What is different about this iteration of white nationalism is how the movement is framing its ideas, and the place those ideas occupy in U.S. politics. One of the chants white nationalists repeatedly turned to as they marched in Charlottesville on Friday night and Saturday was “white lives matter” — a direct response to the “Black Lives Matter” movement that emerged after the killing of Michael Brown by Ferguson, Missouri, police in August 2014 and the resulting protests.
So depressing, and salutary to read this minutes after finishing listening to the latest episode of the astonishingly good series Seeing White, from Scene on Radio.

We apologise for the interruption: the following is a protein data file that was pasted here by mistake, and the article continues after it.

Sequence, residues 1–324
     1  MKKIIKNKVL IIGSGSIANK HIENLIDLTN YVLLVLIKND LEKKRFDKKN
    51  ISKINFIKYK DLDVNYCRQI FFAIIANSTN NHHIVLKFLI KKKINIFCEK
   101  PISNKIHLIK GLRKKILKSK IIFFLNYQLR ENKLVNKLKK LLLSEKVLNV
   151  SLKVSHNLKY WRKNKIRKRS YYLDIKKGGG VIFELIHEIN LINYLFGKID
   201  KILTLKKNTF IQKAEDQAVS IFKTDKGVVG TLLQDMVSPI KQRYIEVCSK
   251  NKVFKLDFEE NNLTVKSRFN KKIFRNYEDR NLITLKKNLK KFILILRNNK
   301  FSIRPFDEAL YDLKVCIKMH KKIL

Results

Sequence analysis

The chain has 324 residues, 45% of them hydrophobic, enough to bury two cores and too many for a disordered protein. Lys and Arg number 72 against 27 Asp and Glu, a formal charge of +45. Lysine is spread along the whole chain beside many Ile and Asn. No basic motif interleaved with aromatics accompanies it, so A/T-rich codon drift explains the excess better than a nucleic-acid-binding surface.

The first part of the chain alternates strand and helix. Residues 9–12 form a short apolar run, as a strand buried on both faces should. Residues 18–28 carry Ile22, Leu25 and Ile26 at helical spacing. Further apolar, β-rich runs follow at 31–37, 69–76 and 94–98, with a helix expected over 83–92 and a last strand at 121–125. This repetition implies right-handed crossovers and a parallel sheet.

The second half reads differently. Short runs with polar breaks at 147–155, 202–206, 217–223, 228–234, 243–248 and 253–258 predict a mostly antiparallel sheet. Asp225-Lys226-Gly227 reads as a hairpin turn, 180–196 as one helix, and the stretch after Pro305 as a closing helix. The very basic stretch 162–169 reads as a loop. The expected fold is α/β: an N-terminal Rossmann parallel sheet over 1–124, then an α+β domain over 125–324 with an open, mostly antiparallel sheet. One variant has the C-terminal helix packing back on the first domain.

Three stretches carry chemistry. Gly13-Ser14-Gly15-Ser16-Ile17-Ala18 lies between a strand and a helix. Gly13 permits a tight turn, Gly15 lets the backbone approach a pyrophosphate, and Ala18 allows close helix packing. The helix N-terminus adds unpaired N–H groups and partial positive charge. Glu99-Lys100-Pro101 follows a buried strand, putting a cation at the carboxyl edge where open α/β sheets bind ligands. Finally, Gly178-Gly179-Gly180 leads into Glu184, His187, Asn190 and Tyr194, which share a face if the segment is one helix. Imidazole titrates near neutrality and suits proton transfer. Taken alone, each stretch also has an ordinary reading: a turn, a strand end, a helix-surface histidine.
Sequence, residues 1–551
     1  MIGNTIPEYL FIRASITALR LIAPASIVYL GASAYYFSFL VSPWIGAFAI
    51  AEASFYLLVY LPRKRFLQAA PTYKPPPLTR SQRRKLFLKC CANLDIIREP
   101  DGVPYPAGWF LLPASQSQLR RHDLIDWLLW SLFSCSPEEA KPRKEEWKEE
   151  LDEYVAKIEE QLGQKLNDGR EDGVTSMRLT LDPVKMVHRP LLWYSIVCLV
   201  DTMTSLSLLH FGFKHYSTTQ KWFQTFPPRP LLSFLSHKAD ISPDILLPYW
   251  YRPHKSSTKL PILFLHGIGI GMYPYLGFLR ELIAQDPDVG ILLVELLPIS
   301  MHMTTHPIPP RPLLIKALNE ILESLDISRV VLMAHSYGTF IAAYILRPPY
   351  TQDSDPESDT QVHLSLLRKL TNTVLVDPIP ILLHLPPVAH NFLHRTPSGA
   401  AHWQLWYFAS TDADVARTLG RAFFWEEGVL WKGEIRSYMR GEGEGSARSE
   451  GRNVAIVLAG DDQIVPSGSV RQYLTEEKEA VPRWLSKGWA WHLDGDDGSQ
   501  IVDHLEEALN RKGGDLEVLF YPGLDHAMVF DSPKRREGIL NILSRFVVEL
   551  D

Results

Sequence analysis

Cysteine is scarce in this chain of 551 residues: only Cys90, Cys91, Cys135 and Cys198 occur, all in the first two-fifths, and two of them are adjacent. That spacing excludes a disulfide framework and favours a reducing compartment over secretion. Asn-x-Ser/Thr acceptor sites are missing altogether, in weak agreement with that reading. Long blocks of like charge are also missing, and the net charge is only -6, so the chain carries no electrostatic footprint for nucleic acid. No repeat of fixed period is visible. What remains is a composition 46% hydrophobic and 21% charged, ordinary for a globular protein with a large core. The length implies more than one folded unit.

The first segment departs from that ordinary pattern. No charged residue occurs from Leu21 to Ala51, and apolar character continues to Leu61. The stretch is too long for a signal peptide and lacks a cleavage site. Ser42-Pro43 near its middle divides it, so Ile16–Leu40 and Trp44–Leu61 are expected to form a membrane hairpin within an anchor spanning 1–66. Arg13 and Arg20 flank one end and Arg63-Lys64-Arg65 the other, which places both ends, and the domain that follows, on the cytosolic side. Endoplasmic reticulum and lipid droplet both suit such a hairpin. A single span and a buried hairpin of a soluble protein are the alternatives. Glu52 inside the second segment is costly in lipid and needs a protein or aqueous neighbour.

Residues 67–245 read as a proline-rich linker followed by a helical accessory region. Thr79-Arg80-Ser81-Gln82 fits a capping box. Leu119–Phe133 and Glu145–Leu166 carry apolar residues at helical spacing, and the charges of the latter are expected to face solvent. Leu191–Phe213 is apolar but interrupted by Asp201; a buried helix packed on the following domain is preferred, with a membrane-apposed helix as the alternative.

A link to a paper by Rich Borschelt, describing his frustration at the failed model of science communication. As Hawks notes:
The sad thing is that such workshops and conferences are funded again and again by organizations on the logic that they are going to do something about science literacy.
Well, yes. And increasingly, as I read pieces like this one, I find myself thinking that although it isn't hard to take the necessary steps to reclaim the social interactions we want, it needs to be done. That makes it a positive step, which gives it extra weight. I've already set up Instagram so I see what I want as I want it. And some of Twitter. FB I really don't care about that much.